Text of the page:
Using communications firms, PR firms, research firms, whathaveyou, to look into what people are saying on message boards and blogs, and then testing out what those people are saying in broader public research, would give a better measure of what's needed in terms of response, and would probably do so to greater effect.

  9. But they can't interject at committees to correct misinformation.

  10. The Ministry of Truth. Brought to you by John Baird.

  11. I've got no problem with it as long as
    (1) They identify themselves and their role, and
    (2) They stick to factual corrections.

    I think we could all (myself included) use more fact-checking around here.

    However, if they're going to go beyond facts and start casting opinion, I don't want to pay for it. That had better come out of the party's coffers, not the government's. Otherwise it starts to look a lot like the CBC. And I loathe the CBC.

    • For a conservative, you sometimes give personal approval to some really weird spending projects.

      • Touché, Monsieur T.

  12. I find this very entertaining, as I think the Canadian government is mostly responsible forspreading misinformation about the seal hunt in the first place. Statements like "we don't kill baby seals" are very misleading when then truth is that most of the seals killed are less than 3 months old. I think that meets the criteria of a "baby" in most people's minds.
    My other favourite is their line about the seal hunt being well regulated and monitorred, which is a joke. They do almost no monitoring on the front, which is where most of the seals die. The only monitoring that is done is conducted by the animal welfare groups!

    I think it's high time that all of this taxpayer money they're spending went to retrain sealers into other professions. Heck – i'd rather they just give the sealers all of this money each year and call off the seal hunt all together! They are just pouring money into a dying industry and it disgusts me that one penny of my tax dollars is going toward propping up this disgusting, outdated and irrelevant industry!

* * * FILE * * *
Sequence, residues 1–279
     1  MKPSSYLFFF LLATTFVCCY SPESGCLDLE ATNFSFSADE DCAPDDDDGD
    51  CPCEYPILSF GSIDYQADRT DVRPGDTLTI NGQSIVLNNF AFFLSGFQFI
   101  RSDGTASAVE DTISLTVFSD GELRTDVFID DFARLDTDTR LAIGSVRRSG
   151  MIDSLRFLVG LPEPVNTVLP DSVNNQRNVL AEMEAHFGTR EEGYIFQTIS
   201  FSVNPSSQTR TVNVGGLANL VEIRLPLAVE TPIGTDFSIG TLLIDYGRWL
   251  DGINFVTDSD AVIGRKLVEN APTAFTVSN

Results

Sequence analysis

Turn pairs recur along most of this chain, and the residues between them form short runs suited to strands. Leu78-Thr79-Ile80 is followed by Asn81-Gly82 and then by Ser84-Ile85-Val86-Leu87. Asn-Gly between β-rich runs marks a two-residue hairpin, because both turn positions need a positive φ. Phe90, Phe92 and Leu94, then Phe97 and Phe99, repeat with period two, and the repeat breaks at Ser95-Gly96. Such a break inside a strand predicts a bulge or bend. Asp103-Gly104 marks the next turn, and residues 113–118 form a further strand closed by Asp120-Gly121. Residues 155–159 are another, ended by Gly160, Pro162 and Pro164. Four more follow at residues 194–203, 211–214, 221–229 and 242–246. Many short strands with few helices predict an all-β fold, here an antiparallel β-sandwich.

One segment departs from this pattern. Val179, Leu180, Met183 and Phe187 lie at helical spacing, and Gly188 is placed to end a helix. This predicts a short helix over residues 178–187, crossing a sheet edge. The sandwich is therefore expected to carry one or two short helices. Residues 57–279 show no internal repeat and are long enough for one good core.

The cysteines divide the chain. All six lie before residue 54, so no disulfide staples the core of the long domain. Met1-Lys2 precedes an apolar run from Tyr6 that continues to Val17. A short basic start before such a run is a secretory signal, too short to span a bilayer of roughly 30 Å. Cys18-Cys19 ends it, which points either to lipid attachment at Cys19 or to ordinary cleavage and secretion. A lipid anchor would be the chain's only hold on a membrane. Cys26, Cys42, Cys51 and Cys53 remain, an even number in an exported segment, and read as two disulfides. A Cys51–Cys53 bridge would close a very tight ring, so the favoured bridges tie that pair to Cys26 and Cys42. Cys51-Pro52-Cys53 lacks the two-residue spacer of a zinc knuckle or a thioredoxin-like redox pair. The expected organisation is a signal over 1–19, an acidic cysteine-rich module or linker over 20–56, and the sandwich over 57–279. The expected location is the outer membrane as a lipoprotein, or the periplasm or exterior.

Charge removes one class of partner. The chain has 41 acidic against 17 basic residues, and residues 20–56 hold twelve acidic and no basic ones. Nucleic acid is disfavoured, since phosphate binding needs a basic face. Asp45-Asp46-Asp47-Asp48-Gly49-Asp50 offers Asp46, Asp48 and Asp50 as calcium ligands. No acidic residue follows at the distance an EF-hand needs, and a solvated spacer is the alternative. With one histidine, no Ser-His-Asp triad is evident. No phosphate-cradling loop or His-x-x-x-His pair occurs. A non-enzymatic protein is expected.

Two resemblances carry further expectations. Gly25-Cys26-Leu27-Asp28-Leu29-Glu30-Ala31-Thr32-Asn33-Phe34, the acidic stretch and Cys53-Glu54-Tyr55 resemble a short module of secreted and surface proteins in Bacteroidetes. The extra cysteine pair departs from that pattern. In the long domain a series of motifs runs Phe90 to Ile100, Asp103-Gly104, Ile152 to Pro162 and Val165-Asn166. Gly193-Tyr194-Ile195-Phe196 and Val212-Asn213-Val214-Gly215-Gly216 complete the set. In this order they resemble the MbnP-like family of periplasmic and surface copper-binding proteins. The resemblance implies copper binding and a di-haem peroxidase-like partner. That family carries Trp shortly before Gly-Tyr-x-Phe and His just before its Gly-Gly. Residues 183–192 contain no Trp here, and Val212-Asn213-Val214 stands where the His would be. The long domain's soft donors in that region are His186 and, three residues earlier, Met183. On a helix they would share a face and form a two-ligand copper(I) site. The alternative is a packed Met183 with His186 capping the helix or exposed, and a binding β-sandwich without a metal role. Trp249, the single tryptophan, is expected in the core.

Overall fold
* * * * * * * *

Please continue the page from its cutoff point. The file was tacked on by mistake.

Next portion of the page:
• Have any facts to back up your claims of misinformation? Proof that "most of the seals killed are less than 3 months old?"

  13. I wonder how Social Media Group identified themselves on discussion boards?


    At best, it's a stupid waste of money. Is there any evidence to suggest that the content of discussion boards seriously shifts public perception or opinion in a meaningful way?

    • Is there any evidence to suggest that the content of discussion boards seriously shifts public perception or opinion in a meaningful way?

      None whatsoever.

      • Well said Crit. your post has convinced me.

        • Perhaps I could also convince you to try some tasty seal flesh? It has this nutty, oily, fishy flavour that dances on your tongue.

          • Anything but frogs, eh?

          • Frog legs are overrated. They taste like chicken, but they cost ten times as much.

        • There's evidence to suggest it, but I can't find anything (yet) to prove it.

          I also maintain that blog readership is among a small subsegment of the population, but haven't found any numbers on that specific question yet (but if I remember, will post when I do.)

          • Interesting. That certainly confirms that a) the internet is fast becoming the preferred media source for information, and that b) almost hallf of those who use on-line sources like sites where they can participate in discussions.